Now to this. Its lovely. Its a slightly interesting puzzle that leaves us with a refreshing and welcome moral. Its offbeat and therefore attractive on that score as well. But I really didn't like it because there's no understanding of the bricks, the nature of the units that make up a film. This isn't me saying I like this tradition or convention, oh no. Its a matter of how our minds actually work.

Look at this seriously. Its difference from what we normally expect is part of its reason to be and presumably is there to increase its effectiveness at what it is. Small things like a bee's dance, or a bud's breaking are the same abstract "size" as larger things like planting and marrying, and they are the same "size" as global earthquakes and war. Placed in this is a mass murder of husbands, established also as the same size.

Its a nice idea. Wish it worked.

Interesting as all getout is the nature of the Hungarian mind. This is a small country. Many small countries in Europe, especially in the southeast, suffer an inferiority complex. Hungary is a bit different. They are ethnically different from other Europeans, profoundly so. They are a nation with one city surrounded by farms. So invested are they in this city that it is the most urban and in many ways sophisticated in Europe. Hungary — given it size — has produced a phenomenal number of brilliant scientists and mathematicians. Absolutely phenomenal.

And if you know these men and their work, you'll know that they are/were the primary warriors in defining the world geometrically. You don't want a treatise on warring theories in science in a movie comment, but be aware that there are different views of how things are put together in the world, and it boils down to how you abstract the bricks.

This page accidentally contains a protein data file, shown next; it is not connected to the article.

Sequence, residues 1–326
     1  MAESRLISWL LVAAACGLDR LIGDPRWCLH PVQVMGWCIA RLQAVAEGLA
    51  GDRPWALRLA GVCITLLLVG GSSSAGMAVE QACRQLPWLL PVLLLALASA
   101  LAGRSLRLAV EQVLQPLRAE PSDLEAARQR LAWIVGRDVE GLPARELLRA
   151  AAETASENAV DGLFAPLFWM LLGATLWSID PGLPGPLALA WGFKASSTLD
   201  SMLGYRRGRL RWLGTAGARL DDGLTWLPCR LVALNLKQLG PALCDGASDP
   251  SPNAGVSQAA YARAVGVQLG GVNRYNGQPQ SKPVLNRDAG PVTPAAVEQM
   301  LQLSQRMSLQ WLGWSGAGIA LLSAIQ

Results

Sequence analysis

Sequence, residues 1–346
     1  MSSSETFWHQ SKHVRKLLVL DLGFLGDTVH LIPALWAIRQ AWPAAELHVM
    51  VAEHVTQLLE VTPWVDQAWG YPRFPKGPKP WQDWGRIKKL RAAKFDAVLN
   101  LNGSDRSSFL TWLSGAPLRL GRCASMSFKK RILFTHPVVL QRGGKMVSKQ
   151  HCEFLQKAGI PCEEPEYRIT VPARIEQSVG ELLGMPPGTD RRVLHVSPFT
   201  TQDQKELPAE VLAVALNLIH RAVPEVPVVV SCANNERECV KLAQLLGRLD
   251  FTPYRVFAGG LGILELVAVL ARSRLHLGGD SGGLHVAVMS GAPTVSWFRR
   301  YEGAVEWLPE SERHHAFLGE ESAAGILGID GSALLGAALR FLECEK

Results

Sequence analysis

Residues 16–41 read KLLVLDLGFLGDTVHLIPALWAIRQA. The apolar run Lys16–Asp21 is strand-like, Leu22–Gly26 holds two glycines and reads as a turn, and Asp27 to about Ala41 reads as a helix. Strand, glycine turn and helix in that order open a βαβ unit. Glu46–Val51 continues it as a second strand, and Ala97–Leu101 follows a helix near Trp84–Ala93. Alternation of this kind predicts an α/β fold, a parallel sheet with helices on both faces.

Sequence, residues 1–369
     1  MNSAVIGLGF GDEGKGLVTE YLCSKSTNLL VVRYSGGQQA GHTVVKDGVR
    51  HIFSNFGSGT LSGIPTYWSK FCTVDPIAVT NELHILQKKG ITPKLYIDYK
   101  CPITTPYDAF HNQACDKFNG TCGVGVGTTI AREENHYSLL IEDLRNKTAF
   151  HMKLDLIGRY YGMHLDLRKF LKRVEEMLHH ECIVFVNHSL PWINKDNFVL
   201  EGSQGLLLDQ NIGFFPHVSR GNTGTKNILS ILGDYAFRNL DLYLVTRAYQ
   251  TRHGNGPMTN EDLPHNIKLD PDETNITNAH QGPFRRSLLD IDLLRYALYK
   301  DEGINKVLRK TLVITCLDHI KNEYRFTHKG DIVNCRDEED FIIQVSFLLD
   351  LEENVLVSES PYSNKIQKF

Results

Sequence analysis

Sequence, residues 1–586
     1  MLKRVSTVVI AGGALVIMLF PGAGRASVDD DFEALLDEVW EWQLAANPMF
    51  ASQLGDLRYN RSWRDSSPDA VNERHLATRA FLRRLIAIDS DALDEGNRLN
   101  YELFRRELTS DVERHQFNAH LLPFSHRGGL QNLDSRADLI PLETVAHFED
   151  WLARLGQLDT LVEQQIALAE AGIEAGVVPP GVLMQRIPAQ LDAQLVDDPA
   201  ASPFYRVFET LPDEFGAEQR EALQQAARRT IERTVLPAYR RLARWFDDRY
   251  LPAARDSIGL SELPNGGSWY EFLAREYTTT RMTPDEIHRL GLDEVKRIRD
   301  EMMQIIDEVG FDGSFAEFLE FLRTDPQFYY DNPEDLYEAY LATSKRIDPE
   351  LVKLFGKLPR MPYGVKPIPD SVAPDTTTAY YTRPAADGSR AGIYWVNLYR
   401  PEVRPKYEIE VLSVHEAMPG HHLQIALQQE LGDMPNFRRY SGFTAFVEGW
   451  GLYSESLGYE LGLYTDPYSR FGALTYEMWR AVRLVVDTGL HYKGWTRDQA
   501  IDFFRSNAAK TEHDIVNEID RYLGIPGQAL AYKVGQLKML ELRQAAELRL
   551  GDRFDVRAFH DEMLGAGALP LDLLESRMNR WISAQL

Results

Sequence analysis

We owe the bright Hungarians for the notion that the world has symmetries that transcend numbers and probabilities. Mirrors exist before the eye does. If you go to Budapest, you will find great minds. But if you go to the outskirts and talk to the non-urbanites, you get a kindergarten version of geometric existence.

That's where this comes from. Its interesting. Its novel. Its ineffective and dumb. But pretty. Blocks, all the same.

Ted's Evaluation -- 2 of 3: Has some interesting elements.


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Details

Country:

Hungary

Language:

Hungarian | Czech

Release Date:

14 November 2003 (USA) See more »

Also Known As:

Czkawka See more »

Filming Locations:

Hungary See more »

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Box Office

Budget:

$100,000 (estimated)

Gross USA:

$53,715

Cumulative Worldwide Gross:

$132,745
See more on IMDbPro »

Company Credits

Production Co:

Mokép See more »
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Technical Specs

Runtime:

Sound Mix:

Dolby Digital

Color:

Color

Aspect Ratio:

1.85 : 1